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Most Scrum teams lean toward 7-15 people **, though it's not clear how to scale Scrum among 100s of people, or how the effectiveness of a given team might be compared to another team within the group; meaning beyond just breaking the group into Scrum teams of 7-15 people, it's unclear how efforts between the teams are managed, compared, etc.

Any suggestions related to either of these topics, or additional related topics that might be of more importance to account for in planning a large scale SCRUM grouping?

** In reviewing research related to the suggested size of software development teams, which appears to be the basis for the suggested Scrum team size, I found what appears to be an error in the research which oddly appears to show that bigger teams (15+ ppl), not smaller teams (7 ppl) are better.

UPDATE, "Re: Scrum doesn't scale": Made huge amounts of progress personally researching the topic, but thought I'd respond to the general belief of some that Scrum doesn't scale by citing a quote from Succeeding with Agile by Mike Cohn :

Scrum Does Scale: You have to admire the intellectual honesty of the earliest agile authors. They were all very careful to say that agile methodolgies like Scrum were for small projects. This conservatism wasn’t because agile or Scrum turned out to be unsuited for large projects but because they hadn’t used these processes on large projects and so were reluctant to advise their readers to do so. But, in the years since the Agile Manifesto and the books that came shortly before and after it, we have learned that the principles and practices of agile development can be scaled up and applied on large projects, albeit it with a considerable amount of overhead. Fortunately, if large organizations use the techniques described regarding the role of the product owner, working with a shared product backlog, being mindful of dependencies, coordinating work among teams, and cultivating communities of practice, they can successfully scale a Scrum project.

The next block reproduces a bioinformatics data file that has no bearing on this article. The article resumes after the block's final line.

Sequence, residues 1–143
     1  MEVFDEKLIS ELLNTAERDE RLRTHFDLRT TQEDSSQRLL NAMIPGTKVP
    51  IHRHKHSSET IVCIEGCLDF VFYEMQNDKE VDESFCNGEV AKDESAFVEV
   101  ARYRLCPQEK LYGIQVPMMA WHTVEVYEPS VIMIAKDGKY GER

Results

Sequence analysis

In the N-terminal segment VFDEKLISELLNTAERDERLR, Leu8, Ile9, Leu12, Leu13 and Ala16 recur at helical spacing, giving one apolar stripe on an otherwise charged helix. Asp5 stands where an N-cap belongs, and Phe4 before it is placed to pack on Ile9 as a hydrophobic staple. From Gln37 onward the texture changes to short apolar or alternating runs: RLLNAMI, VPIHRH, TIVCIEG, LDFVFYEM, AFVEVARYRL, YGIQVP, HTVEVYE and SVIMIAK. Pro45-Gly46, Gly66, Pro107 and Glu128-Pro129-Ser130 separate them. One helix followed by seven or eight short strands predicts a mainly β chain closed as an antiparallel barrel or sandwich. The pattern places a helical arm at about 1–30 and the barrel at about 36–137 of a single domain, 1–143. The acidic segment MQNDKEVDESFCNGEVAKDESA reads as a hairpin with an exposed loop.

SOURCE: (ran across the book thanks to Ladislav Mrnka answer)

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AFAIK, scrum (and Agile in general) are about small teams. They are not supposed to scale. –  Oded Mar 28 '12 at 11:32
Could you give a reference to the research showing that larger teams are better? –  Matthew Flynn Mar 28 '12 at 11:48
Look up scrum of scrums: en.wikipedia.org/wiki/Scrum_(development)#Scrum_of_Scrums –  bjarkef Mar 28 '12 at 11:58
@Matthew Flynn: I did, read my comment I linked to in the question above, and the answer related to that comment. If it's still not clear, let me know. –  blunders Mar 28 '12 at 12:01
@bjarkef: Thanks, please post an answer related to "scrum of scrums", since it's the most on-topic comment/answer so far. Again, thanks! –  blunders Mar 28 '12 at 12:04
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4 Answers

up vote 8 down vote accepted

It's not possible to have effective scrum with such a big group. Even with twenty-something you begin to struggle. You have to divide these 100 people into much smaller task groups, which each group having their scrum. Then you can have scrum of team leaders/representatives. This is known as the scrum of scrums.